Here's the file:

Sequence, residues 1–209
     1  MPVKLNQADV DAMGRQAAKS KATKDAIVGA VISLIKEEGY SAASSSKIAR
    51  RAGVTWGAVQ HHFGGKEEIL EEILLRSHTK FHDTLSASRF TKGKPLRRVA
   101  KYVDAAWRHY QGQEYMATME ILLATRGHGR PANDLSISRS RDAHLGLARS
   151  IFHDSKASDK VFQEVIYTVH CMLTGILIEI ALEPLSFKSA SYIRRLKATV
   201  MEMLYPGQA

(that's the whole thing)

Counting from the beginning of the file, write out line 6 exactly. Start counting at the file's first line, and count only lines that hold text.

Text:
   201  MEMLYPGQA